An efficient power stroke in pedalling a bicycle requires a substantial downward extension of the legs in an alternating fashion. The amount of this extension is controlled by the distance between the saddle and the lowest pedal position. In the event that a wide conventional saddle is vertically positioned to allow for the desired alternating leg extensions, such extensions will cause the associated ischial tuberosity and/or other adjacently located, protruding bony structures (hereinafter collectively referred to as "ischial tuberosities") to also attempt to move in a downward direction. However, the saddle resists this motion which thereby creates a localized pressure concentration which adversely affects rider comfort.

While pedalling, the ischial tuberosity associated with the leg moving toward the uppermost pedal position tends to move vertically upward and may lose contact with the conventional saddle. In this case, the ischial tuberosity of the downwardly extended leg will effectively support the entire weight of the rider. Consequently, the magnitude of the above-described localized pressure concentration is further increased. In addition to this now magnified level of rider discomfort, performance is also adversely affected in that the saddle inhibits the downward movement of the ischial tuberosity as it attempts to follow the downward extension of the leg in the power stroke.

In order to reduce the effects of the interaction of the ischial tuberosities and the conventional saddle in the above-described manner, the saddle may be positioned such that the desired leg extension is not achieved, i.e., too low. As a result, the amount of downward vertical movement of the ischial tuberosities is reduced which thereby reduces the magnitude of the associated localized pressure concentration. This gain in rider comfort, however, is accompanied by a decrease in the power that the rider is able to generate since the leg can no longer be extended to the desired degree. Moreover, as the amount of leg extension is reduced, undesirable strains and/or stresses may be introduced to the knee joints.

Based on the foregoing problems with the wide conventional saddle, narrower saddles which allow for either free vertical reciprocation of the ischial tuberosities or which allow the ischial tuberosities to contact a downwardly extending, convexly arcuate surface are commonly used by riders. Although this produces a higher performance saddle, the cost in terms of added rider discomfort is significant. Further contributing to these factors is that saddles are typically designed to fit narrow anatomical structures. As a result, larger persons using such saddles often experience an even greater magnitude of discomfort.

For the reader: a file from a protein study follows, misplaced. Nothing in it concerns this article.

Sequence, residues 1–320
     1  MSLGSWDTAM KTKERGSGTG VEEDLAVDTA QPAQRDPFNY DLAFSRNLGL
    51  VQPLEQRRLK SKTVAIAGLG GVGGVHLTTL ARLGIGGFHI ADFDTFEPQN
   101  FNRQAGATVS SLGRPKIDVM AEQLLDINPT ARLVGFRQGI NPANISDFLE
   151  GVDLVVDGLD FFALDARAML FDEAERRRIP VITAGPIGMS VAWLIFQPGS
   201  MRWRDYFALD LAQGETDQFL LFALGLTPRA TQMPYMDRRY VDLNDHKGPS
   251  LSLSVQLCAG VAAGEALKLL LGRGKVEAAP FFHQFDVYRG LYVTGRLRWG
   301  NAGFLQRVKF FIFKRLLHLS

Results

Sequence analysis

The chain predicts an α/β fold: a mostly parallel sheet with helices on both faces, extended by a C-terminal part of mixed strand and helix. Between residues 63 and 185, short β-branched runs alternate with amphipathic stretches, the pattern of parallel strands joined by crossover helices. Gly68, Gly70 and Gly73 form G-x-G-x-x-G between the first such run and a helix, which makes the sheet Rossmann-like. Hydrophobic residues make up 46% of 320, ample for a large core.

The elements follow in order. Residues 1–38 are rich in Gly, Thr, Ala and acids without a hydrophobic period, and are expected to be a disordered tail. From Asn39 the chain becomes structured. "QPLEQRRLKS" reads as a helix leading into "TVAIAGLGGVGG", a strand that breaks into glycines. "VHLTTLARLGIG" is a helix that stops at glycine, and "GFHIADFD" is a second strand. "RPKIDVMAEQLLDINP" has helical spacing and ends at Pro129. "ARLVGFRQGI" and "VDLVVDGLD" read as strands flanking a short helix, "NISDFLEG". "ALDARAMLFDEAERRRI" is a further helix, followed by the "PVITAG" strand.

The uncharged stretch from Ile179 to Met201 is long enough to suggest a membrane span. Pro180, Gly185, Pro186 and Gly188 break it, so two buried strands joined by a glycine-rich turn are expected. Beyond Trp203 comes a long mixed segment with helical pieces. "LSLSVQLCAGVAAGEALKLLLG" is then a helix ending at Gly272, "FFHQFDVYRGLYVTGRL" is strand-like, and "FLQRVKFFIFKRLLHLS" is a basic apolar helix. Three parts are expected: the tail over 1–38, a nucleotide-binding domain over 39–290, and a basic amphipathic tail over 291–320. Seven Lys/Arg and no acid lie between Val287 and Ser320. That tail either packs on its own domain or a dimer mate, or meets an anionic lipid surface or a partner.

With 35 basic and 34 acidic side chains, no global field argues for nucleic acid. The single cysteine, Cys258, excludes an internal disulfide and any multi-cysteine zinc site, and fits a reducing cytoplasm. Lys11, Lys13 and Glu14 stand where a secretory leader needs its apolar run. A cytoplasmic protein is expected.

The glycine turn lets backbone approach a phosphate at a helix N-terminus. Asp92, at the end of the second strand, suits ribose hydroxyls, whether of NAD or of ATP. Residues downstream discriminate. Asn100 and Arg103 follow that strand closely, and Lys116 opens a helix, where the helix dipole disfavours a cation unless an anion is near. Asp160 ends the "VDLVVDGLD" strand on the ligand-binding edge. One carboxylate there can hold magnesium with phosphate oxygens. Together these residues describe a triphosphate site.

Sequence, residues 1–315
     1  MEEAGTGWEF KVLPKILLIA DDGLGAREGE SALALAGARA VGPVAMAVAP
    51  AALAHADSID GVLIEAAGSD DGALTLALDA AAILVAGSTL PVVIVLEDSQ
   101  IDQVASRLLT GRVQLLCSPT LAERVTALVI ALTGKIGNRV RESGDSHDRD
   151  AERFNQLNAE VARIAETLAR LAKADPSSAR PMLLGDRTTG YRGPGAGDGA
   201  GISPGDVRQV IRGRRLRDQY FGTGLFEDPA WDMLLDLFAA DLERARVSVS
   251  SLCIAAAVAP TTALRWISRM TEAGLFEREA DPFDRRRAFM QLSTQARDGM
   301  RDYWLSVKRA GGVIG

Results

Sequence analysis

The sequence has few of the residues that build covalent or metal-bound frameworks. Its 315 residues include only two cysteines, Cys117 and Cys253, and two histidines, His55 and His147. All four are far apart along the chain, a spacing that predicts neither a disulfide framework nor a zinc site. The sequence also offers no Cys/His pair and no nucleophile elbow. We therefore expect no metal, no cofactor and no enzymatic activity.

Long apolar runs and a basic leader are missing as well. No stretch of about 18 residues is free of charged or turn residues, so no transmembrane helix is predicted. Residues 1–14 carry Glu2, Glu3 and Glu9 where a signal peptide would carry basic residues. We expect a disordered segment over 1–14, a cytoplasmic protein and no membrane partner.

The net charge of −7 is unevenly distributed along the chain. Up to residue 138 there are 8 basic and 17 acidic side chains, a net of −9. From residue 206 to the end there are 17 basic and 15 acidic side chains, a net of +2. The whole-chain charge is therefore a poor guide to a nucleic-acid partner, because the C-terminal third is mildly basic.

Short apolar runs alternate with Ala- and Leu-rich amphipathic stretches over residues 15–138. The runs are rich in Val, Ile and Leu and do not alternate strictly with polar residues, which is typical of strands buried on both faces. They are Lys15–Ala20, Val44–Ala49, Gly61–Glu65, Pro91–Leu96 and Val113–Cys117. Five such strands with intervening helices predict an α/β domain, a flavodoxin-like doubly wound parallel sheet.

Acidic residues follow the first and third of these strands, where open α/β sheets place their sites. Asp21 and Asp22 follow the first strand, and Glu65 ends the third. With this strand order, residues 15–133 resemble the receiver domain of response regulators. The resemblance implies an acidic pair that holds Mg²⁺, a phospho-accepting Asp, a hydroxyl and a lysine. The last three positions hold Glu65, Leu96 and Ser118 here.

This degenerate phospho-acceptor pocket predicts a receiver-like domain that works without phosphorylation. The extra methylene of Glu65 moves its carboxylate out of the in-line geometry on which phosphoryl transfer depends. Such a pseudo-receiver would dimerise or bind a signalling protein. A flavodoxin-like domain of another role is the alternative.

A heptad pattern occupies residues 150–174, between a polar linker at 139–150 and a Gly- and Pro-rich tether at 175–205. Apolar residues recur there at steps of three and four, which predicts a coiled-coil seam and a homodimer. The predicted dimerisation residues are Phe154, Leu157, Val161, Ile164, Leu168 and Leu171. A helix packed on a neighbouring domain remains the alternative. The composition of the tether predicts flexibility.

Many attempts have been made to design a saddle which provides a more desirable blend of rider comfort and saddle performance. One alternative is to utilize a saddle having a laterally arcuate, convexly-shaped mid portion which is wide enough such that the rider's ischial tuberosities are supported by the saddle, thereby increasing the area over which the rider's weight is applied. Again, in a static analysis this sharing of the load reduces pressure. In order to reduce the effects of the downward movement of the ischial tuberosities in the dynamic analysis, the areas of the saddle which the ischial tuberosities contact are either independently downwardly stretchable (e.g., by utilizing a thinner cross section in this region than is used in remaining portions of the saddle), or there are depressions in these areas of the saddle to engage the ischial tuberosities. U.S. Pat. No. 3,997,214 to Jacobs, issued Dec. 14, 1976; U.S. Pat. No. 4,098,537 to Jacobs, issued Jul. 4, 1978; and U.S. Pat. No. 4,218,090 to Hoffacker et al., issued Aug. 19, 1980, are generally representative of these efforts.